Tuesday, February 3, 2009

City Lights

Dir. Charles Chaplin

There is something remarkably sexy about Charlie Chaplin. His appearance: small, goofy, and slightly androgynous, all qualities that run counter to conventional sex appeal, and peculiar mannerisms cause him to stand apart from the sleek and toned ideals of beauty. The thing is that Chaplin is just so damn talented. Its like how even a weird looking boy who plays guitar and sings can be appealing to the prettiest of girls. Only with Chaplin, rather than playing guitar, its being a jack of all trades. Chaplin writes, produces, directs, stars in, and composes the music for many of his most memorable films including City Lights. He's like a comedic Orson Welles, before he got fat. Its not just that Chaplin is funny. Plenty of people before and after him have been funny. Its how he harmonizes dramatic and comedic elements in his films; a mix of slapstick and profound romanticism. Its how the tramp's naive good intentions never seem to coalesce with the world he inhabits, yet he always manages to do alright in the end. More than alright in fact. He emerges victorious, always with that distinctly memorable grin on his face.

Chaplin's films are not just comedies. Often times they house within their frames an astonishingly timeless social critique. Modern Times poignantly showed a man pitted against a rigorously mechanical society that is unforgiving to the point of cruelty. In The Gold Rush he unveiled the shocking degree to which people allow themselves to be immoral in the pursuit of riches. City Lights is a hilarious farce that pokes fun at the lives of the rich while simultaneously exposing their mistreatment of the poor. As in most of his films, Chaplin juxtaposes his frail, clumsy and unappealing body with giants and beauties. He is pummeled in a wrestling ring, slapped around by men in tails, and patiently loved by a blind beauty. All the while he is getting himself mixed up in trouble with an “eccentric”, drunken millionaire who's polarized lifestyle of being a friendly drunk and a cold, sober aristocrat invites a myriad of occasions for the tramp to confuse the two. City Lights moves along at a frenzied pace, thanks only in part to the naturally fast paced cinematography of old films. The highly choreographed segments of many of the film's scenes are stunning, and its amazing to think how much of these stunts and acrobatics Chaplin and company did in the time before digital studio effects. Chaplin's dedication to laughable but nonetheless impressive choreography is one of many qualities that keeps City Lights delightfully entertaining every step of the way.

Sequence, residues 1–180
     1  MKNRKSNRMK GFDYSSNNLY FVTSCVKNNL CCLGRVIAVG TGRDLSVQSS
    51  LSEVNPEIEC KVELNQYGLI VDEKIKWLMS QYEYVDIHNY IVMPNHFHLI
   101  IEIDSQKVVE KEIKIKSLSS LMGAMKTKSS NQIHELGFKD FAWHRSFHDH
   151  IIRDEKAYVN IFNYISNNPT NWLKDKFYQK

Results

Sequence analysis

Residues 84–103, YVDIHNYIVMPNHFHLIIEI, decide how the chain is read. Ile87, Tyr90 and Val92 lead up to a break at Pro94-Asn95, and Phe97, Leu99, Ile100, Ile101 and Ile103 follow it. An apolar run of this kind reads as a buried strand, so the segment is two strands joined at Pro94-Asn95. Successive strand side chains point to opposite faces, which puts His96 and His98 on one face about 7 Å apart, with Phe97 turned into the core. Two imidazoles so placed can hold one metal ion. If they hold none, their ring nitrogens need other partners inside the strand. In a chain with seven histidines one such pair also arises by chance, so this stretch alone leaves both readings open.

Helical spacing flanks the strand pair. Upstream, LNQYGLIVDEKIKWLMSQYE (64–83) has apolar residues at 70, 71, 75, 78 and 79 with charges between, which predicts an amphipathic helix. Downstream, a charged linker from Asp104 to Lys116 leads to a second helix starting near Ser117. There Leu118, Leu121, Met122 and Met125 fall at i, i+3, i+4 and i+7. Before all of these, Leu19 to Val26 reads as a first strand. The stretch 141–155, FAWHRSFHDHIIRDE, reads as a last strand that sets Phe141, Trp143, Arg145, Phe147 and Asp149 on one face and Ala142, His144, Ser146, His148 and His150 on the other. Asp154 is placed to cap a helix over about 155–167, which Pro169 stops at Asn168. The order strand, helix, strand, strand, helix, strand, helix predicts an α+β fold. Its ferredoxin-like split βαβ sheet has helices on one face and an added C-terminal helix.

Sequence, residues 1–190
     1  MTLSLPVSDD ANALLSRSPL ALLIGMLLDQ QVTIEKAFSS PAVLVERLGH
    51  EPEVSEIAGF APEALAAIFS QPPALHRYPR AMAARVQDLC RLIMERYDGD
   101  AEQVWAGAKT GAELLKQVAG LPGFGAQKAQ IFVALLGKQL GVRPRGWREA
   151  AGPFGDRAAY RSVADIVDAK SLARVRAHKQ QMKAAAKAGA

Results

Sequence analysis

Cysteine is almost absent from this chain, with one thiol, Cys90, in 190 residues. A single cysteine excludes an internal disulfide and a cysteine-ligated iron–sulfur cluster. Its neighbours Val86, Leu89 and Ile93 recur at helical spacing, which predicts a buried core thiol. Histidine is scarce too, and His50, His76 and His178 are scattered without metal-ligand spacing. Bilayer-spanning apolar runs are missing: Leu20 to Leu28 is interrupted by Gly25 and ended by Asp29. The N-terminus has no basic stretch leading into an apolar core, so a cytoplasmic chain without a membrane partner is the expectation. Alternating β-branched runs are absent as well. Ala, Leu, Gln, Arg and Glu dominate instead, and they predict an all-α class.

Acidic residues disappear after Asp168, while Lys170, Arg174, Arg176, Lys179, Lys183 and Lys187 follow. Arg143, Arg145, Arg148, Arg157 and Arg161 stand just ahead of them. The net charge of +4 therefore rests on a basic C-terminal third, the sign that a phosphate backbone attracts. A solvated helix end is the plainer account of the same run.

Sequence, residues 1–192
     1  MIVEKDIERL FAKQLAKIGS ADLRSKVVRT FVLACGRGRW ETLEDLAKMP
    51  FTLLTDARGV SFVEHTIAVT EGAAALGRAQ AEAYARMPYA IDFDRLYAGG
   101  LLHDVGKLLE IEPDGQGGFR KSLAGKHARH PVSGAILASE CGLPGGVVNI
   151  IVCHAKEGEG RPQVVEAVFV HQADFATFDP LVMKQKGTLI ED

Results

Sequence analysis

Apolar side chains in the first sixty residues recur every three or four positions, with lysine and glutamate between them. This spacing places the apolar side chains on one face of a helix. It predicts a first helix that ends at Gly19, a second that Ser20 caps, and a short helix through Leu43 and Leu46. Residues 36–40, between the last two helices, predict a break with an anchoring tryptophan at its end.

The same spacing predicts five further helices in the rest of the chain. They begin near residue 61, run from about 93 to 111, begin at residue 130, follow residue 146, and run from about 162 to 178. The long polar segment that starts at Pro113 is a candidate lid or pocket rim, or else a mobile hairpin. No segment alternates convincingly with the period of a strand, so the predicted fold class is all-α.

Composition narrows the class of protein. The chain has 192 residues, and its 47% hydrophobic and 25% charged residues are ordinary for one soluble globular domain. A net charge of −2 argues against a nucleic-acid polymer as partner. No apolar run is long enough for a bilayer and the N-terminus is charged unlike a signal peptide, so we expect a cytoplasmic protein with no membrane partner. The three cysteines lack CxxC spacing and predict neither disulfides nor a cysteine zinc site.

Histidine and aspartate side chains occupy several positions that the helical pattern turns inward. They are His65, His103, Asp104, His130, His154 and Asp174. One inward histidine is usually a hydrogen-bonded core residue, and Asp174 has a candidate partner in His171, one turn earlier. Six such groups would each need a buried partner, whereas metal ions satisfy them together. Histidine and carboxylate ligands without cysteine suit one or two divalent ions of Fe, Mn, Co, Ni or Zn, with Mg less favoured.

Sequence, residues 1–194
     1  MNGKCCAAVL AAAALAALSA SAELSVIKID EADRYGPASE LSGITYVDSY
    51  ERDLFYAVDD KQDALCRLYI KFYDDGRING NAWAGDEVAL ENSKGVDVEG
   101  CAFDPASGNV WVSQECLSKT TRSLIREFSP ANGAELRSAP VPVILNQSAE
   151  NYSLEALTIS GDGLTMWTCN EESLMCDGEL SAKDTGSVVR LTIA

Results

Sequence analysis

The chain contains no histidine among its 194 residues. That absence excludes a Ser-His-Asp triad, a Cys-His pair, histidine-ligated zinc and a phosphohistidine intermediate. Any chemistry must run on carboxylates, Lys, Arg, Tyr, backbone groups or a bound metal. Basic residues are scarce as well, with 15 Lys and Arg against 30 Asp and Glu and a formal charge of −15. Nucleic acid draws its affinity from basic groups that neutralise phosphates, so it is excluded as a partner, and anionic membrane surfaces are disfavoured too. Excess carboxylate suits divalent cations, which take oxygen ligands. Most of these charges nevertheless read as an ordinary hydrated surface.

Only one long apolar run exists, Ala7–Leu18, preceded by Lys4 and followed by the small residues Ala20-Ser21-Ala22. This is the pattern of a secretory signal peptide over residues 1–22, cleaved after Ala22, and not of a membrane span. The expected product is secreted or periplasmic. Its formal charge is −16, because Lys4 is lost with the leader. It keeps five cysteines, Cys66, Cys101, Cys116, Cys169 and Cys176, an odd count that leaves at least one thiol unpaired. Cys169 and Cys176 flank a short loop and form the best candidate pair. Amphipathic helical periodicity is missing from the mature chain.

Chaplin's stage persona, the little tramp, is one of the most recognizable and memorable characters the silver screen has ever produced. Case in point: last month, as a means to pass the last few days at school, my dad (a middle school music teacher) showed his classes segments of Modern Times. He was shocked. The kids not only paid attention to the film (a rare occasion for any group of middle schoolers) but found themselves bursting out into laughter during many of the film's wilder moments. Conversely, an older friend told me of a disastrous experience trying to show Citizen Kane to the Freshman English class she teaches. Charlie Chaplin and Orson Welles are certainly of comparable genius, but not of medium. Plenty of people want to have their emotions and thoughts prodded and provoked, but everyone wants to laugh.

Every so often an artist comes around who taps into something universal. If their body of work is focused enough they often come to represent something much larger than themselves. Chaplin is the original romantic comedian and that's why he's sexy. Few men in the last 100 years have been able to parade themselves about so foolishly and for so many people, and still be as appealing as Charlie Chaplin. It should be noted that in no way is Chaplin an idiot-savant. He knew how funny and how charming he was; his confidence is what made his films so successful. To this day no actor (with the possible exception of John Wayne) is more widely recognized for his unique appearance, remarkable stage presence and the quality of his films than that mustachioed tramp: Charlie Chaplin.

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